Both compensatory and punitive damages are also available under FEHA, though there is a $150,000 cap for emotional distress damages. A FEHC ruling may also award expert witness fees and reasonable attorney fees to the prevailing party, though this is largely discretionary; FEHC will not usually order a losing plaintiff to pay the employer’s attorney fees and costs. This is similar with the EEOC, which will never require that a plaintiff pay for the attorney fees and costs. If either agency sues on your behalf and does not prevail in litigation, the respective agency covers all of the costs of the suit. Note that these limits on damages do not apply to private lawsuits, which is another reason why it may behoove someone with strong discrimination or harassment claims to call a firm like the California Civil Rights Law Group to retain an attorney.
Laws and Protected Bases
Typically, people file with the EEOC if they intend to pursue federal employment discrimination claims under certain laws: Title VII of the Civil Rights Act of 1964 prohibits discrimination based on race, color, national origin, sex (which the EEOC interprets as including sexual orientation and gender identity), and religion; the Equal Pay Act, prohibiting wage disparity based on sex; the Rehabilitation Act of 1973 and the Americans with Disabilities Act (ADA) of 1990, which cover discrimination based on physical or mental disability; the Age Discrimination in Employment Act (ADEA); the Pregnancy Discrimination Act; etc.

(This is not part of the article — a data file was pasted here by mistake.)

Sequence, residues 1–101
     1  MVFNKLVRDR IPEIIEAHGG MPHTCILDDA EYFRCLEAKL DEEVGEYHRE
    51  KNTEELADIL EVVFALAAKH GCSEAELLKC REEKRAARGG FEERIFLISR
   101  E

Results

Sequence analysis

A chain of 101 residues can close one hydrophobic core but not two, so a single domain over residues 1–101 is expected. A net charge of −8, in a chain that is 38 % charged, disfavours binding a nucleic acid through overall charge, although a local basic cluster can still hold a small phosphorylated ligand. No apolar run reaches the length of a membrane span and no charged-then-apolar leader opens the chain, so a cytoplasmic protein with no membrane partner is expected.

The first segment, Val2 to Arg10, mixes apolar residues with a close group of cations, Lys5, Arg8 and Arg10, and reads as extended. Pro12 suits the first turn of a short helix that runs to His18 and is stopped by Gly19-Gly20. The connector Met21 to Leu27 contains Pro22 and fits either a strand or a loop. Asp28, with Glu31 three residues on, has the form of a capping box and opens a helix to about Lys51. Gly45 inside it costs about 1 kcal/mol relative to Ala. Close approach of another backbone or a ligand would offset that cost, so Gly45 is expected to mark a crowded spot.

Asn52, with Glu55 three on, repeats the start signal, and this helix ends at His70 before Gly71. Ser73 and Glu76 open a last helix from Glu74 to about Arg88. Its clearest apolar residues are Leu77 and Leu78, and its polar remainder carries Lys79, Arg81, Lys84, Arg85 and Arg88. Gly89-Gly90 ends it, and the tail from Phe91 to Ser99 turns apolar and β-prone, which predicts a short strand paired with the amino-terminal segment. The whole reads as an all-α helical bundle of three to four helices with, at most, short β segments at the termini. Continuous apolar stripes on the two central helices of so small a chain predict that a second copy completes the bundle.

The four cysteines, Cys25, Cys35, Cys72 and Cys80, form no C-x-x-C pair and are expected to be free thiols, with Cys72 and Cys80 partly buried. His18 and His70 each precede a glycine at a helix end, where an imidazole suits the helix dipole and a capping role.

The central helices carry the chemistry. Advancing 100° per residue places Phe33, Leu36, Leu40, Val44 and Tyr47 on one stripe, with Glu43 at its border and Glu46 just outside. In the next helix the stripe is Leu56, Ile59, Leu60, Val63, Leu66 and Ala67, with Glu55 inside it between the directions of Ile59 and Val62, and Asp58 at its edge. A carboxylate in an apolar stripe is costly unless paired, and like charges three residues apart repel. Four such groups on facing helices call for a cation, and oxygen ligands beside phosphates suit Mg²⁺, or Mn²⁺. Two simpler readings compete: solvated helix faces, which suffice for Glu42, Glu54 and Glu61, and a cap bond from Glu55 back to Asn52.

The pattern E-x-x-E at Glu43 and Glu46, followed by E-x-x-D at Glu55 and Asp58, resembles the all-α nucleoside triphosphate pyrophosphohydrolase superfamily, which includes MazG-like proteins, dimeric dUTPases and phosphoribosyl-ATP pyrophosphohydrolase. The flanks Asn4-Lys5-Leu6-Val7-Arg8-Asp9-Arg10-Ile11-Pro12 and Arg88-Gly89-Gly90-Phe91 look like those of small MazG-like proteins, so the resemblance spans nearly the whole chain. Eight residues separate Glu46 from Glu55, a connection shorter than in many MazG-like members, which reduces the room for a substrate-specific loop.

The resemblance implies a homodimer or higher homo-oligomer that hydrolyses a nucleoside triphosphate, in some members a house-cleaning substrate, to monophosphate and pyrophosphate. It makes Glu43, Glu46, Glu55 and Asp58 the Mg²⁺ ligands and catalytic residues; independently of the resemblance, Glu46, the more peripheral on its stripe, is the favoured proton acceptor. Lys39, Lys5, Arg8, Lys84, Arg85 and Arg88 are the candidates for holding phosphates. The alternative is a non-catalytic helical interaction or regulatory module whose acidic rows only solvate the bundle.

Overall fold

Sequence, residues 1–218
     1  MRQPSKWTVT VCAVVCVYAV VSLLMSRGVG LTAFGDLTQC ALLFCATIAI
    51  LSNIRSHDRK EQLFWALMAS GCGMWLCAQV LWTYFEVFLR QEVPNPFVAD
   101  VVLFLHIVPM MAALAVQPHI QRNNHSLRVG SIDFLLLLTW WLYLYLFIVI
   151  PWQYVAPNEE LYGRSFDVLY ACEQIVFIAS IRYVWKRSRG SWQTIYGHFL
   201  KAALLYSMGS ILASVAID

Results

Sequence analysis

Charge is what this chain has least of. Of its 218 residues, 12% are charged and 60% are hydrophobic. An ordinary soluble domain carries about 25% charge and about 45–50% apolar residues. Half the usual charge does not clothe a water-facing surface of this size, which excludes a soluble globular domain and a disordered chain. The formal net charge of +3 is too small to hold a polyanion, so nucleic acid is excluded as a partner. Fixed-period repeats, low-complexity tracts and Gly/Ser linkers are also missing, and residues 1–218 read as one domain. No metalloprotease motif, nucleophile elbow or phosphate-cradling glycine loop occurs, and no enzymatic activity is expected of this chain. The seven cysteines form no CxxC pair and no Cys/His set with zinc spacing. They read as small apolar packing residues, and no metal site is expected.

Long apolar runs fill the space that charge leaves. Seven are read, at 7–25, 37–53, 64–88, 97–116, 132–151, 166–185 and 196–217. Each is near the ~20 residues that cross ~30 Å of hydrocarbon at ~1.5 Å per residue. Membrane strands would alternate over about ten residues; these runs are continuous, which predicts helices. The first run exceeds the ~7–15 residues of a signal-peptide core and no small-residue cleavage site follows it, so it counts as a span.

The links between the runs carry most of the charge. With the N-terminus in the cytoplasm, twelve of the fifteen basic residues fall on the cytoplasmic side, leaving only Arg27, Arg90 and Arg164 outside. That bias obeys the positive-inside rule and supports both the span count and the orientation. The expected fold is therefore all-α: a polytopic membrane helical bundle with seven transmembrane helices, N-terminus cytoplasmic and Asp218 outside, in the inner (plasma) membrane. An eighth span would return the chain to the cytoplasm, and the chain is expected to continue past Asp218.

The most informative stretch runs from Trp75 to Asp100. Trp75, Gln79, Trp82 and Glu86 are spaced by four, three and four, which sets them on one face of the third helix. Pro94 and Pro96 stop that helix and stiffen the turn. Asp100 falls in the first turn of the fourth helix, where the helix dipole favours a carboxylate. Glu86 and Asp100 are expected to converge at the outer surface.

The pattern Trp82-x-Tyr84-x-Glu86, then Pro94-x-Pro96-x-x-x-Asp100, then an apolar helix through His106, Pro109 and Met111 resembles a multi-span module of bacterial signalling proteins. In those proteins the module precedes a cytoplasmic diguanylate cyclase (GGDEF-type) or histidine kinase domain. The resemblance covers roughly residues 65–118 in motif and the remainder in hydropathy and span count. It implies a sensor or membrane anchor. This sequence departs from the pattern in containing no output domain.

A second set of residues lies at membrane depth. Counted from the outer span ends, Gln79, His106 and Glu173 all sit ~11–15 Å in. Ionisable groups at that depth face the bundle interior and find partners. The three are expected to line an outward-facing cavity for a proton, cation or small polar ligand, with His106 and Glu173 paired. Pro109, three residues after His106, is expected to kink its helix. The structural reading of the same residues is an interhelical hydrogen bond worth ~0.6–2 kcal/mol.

The DFEH handles state-level employment discrimination claims, primarily by using FEHA and the California Family Rights Act (CFRA). FEHA prohibits discrimination and harassment based on race, color, religion, sex, gender identity, sexual orientation, marital status, national origin, ancestry, mental and physical disability, medical condition, age, and pregnancy. FEHA also protects against employer retaliation based on any of these protected classes. Under FEHA, the “employer” can be a public or private entity, a labor organization, or an employment agency.
CFRA primarily applies to employers with more than fifty employees. CFRA establishes sexual harassment training requirements and provides job-protected leave for childbirth, adoption or fostering of a child, for an employee’s own serious health condition, and for serious health conditions of an employee’s spouse or immediate family member. If an employer has at least five employees, CFRA requires up to four months of protected leave for childbirth or pregnancy-related disabilities or medical conditions.
Number of Employees Thresholds
Some employers—mainly smaller ones—are not subject to federal laws enforced by the EEOC. Title VII claims, ADA claims, and some harassment claims can only be brought against entities with at least fifteen employees. And an entity must have at least twenty employees to be subject to the ADEA. Equal Pay Act claims, however, are viable against employers with just two or more employees.
The DFEH employee thresholds are generally easier to meet; there need only be one employee for harassment claims, and five or more for discrimination claims.